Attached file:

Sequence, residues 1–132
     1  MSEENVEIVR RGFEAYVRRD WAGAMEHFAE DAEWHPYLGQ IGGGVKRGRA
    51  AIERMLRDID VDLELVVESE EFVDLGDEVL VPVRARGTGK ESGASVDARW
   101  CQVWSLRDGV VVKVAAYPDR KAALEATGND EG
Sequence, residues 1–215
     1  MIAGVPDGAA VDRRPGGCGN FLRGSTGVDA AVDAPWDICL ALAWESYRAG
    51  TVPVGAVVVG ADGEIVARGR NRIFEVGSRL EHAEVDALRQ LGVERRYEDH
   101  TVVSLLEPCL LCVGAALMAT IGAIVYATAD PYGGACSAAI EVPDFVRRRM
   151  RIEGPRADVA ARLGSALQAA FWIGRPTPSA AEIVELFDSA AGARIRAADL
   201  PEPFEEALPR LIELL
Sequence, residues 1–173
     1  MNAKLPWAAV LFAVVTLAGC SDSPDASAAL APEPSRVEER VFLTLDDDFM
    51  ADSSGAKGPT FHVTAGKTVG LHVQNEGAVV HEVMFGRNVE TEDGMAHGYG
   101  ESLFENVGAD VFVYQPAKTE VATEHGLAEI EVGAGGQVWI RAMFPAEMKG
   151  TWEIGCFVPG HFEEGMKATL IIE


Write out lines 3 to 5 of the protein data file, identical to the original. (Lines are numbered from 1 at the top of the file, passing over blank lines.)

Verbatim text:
    51  AIERMLRDID VDLELVVESE EFVDLGDEVL VPVRARGTGK ESGASVDARW
   101  CQVWSLRDGV VVKVAAYPDR KAALEATGND EG
Sequence, residues 1–215